Matt: A lot of our games are about exploration and that's sort of like, that's the ultimate exploration is what's out there. What's past Earth, right? So. It's incredibly exciting for us to work on something like that. I feel like every time we come to a game, we're starting fresh. We're saying, "Ok, we just did that one. That's over. How do we make it better in every way?" It's got a more realistic, science-based backing to it. Whereas Skyrim is sort of an epic fantasy, this is a more grounded game and a grounded setting about exploration. So I think that gives us a different take on how we make everything. So that's sort of the thing you latch onto when we're making new areas, making environments, making characters.

Todd: The mechanics of the world are entirely different. But there are similarities. And I think that those are things we like. We like playing first person. We like having all the coffee cups. We like being able to touch everything. Those moments make the whole thing believable. Being able to watch the sun set and nighttime come, and just sit there and watch the world go by. Seems like it's not gameplay. But it is vital to how you feel through the rest of it.

Angela: I also think that because it's based in a more realistic atmosphere you have a lot of people on our team who are super into certain things, like robotics, or engineering. And they can use this lifetime of knowledge they have gathered and then use it in their work.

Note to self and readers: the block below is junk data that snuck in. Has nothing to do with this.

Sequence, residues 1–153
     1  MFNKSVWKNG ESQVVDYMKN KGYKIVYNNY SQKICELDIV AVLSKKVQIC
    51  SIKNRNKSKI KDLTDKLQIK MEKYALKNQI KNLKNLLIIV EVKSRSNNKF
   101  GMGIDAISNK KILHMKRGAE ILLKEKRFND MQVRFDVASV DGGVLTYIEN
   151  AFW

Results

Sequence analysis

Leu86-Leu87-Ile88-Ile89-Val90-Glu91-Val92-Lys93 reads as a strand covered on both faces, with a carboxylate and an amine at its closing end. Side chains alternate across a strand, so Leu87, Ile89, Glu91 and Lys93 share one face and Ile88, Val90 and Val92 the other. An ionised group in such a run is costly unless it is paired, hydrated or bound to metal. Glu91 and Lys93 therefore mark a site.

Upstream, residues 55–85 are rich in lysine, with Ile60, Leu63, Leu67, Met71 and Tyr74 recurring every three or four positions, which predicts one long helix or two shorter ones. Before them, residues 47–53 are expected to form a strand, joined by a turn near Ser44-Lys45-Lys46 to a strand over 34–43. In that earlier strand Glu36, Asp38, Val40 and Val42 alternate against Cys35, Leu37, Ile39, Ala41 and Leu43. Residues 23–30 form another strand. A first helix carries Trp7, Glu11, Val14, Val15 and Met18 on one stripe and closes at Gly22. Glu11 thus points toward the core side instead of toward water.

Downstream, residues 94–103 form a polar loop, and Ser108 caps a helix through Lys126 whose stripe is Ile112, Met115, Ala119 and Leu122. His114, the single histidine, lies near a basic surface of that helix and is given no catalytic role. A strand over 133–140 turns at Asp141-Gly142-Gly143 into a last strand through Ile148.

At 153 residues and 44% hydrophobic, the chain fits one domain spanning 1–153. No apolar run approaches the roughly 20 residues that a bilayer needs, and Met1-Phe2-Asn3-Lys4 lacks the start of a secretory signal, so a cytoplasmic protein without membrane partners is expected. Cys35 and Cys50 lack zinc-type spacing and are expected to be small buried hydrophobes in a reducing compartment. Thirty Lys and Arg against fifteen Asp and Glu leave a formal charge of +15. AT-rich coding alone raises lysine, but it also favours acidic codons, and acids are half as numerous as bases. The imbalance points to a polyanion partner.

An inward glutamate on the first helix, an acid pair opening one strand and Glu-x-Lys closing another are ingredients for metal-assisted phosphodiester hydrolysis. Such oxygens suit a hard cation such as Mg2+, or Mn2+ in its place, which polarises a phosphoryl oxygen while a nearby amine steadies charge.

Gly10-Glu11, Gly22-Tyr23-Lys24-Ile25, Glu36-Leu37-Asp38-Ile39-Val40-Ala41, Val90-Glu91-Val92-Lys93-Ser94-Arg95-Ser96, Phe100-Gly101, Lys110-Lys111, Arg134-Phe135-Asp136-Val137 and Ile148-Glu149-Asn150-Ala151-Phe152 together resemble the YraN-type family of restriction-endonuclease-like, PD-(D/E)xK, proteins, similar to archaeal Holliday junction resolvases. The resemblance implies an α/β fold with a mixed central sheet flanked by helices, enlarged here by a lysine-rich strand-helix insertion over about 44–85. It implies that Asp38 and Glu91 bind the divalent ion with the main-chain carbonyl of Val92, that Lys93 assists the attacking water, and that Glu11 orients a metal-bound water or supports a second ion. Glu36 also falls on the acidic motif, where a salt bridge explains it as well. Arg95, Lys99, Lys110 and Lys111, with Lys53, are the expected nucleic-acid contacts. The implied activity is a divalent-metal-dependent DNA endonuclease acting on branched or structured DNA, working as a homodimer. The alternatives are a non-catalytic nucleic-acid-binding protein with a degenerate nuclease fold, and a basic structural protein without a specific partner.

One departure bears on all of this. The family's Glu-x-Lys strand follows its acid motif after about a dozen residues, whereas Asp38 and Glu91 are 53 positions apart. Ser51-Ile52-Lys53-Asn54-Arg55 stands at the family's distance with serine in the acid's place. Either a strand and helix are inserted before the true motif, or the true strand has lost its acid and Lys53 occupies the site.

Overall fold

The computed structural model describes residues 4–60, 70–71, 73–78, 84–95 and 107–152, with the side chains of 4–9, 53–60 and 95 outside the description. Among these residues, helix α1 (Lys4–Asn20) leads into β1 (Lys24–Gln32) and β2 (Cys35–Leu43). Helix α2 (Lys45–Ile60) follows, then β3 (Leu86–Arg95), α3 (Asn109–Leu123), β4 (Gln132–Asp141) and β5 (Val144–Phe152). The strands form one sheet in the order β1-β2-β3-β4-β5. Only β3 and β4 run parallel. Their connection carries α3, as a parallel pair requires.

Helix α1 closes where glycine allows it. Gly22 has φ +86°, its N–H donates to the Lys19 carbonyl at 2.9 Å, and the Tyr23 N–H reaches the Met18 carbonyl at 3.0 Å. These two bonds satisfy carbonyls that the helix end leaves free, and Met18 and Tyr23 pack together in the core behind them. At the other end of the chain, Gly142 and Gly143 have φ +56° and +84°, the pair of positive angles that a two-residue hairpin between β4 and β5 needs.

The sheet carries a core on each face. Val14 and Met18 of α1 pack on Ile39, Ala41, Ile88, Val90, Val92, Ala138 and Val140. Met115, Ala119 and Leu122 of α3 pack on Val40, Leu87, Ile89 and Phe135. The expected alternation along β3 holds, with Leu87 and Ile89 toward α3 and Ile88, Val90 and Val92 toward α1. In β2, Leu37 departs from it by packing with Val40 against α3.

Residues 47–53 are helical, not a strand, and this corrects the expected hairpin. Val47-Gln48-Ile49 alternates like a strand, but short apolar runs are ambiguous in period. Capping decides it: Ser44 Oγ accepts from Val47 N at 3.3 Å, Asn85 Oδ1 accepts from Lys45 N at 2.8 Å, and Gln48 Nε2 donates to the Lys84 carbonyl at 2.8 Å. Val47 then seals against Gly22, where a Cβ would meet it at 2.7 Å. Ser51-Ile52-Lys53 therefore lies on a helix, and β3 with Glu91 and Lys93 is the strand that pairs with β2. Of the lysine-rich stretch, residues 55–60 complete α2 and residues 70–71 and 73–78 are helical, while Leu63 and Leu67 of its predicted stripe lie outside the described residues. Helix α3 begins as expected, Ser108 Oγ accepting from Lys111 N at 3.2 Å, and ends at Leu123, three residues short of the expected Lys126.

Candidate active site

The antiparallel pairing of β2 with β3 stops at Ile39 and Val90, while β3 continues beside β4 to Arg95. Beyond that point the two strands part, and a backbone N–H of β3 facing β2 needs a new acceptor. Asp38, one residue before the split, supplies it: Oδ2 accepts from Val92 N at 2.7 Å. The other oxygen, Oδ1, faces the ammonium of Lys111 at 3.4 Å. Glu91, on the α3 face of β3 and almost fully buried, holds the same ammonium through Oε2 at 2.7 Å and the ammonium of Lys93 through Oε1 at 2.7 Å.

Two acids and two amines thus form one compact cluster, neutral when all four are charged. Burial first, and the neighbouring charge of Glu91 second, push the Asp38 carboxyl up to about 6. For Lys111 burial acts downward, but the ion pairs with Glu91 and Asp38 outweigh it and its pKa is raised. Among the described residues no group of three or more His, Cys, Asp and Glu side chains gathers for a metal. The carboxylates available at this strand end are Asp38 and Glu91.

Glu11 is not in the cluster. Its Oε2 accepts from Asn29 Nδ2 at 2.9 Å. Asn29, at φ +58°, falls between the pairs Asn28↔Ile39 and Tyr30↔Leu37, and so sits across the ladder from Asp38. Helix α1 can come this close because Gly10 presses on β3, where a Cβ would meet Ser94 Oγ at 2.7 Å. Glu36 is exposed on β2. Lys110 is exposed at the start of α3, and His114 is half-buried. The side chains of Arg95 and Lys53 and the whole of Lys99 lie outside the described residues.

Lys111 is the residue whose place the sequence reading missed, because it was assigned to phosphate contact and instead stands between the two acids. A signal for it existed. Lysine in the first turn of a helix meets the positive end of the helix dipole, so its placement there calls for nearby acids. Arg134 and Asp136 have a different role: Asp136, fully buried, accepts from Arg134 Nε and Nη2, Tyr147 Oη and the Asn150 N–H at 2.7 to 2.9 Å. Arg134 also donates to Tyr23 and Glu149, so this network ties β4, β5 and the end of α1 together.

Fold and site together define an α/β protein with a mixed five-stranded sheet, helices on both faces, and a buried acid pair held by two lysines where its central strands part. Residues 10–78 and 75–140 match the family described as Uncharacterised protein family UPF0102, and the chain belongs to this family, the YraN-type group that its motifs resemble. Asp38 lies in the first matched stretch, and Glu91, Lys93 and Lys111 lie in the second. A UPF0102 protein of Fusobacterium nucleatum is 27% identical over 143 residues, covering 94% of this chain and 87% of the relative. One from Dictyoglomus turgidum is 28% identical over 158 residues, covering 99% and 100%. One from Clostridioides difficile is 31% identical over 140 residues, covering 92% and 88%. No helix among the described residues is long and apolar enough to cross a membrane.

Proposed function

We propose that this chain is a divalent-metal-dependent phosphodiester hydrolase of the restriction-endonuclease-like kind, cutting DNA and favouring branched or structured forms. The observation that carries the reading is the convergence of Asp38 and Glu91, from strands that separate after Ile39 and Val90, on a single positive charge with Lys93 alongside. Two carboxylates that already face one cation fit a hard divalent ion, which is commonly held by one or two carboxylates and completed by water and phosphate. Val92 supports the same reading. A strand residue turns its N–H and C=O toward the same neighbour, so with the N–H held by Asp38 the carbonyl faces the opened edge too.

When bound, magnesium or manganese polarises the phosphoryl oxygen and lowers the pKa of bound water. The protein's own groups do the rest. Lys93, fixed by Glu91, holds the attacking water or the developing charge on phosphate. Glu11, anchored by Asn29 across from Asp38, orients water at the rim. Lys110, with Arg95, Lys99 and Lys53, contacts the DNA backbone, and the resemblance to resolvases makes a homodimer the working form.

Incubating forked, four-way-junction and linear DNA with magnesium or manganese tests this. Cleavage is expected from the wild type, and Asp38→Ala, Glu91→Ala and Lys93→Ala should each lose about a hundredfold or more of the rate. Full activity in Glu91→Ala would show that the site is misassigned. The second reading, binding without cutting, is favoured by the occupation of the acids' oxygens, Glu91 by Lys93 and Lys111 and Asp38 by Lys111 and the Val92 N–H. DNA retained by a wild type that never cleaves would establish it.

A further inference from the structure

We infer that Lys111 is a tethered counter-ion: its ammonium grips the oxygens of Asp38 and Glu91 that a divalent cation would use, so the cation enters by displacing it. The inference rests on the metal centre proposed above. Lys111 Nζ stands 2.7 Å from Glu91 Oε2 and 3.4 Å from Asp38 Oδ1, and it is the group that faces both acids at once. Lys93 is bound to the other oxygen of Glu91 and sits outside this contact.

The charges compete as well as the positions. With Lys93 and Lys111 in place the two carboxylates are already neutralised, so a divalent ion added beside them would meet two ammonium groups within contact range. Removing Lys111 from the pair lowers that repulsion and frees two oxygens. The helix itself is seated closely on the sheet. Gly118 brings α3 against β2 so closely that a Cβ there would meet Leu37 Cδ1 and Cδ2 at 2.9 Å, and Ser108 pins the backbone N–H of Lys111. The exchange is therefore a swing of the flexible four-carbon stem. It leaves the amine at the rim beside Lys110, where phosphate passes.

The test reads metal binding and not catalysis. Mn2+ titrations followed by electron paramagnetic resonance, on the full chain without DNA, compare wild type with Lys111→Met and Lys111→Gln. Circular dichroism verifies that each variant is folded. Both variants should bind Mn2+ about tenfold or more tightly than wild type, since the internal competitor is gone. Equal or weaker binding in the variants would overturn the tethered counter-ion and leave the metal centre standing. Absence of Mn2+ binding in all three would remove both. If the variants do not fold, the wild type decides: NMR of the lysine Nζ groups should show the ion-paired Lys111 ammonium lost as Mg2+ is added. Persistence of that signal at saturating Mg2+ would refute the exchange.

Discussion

Matt: Everyone comes from these different areas and brings stuff to the game that can make it in. It all matters, you know? From the rocks, to the clutter, to what the space suits look like. It's based on people's experience and sort of learning about how things work in the world and trying to apply it in a way that's believable for this universe.

Todd: It starts feeling so real to us. You're saying we do all that stuff, but then concepting like everything they eat or the toys the children play with. Or, what are their bedtime stories? What is their art? What is their history? What is their entertainment? It is a universe, not just a game.

Angela: There has to be an emotional trigger that occurs. And I think as time has gone on we're able to paint an even better picture that triggers that emotional thing.

Todd: We always have that "step out" moment into the world so to say. The technology has changed. We've all changed. So our expectations when loading up a game like, "Ok, I'm going to step out and there's going to be this moment". Us being able to do that and have it feel new every generation, every game is something that is really special about what we do. I like to say that Starfield has two "step out" moments. It's cryptic. Our process of making it is a journey for us that is very very rewarding. And coming to Starfield everybody's starting over and saying "what would you want to do? What does going to space mean to you?" And everybody comes back with the same one.

"I want to see what's out there."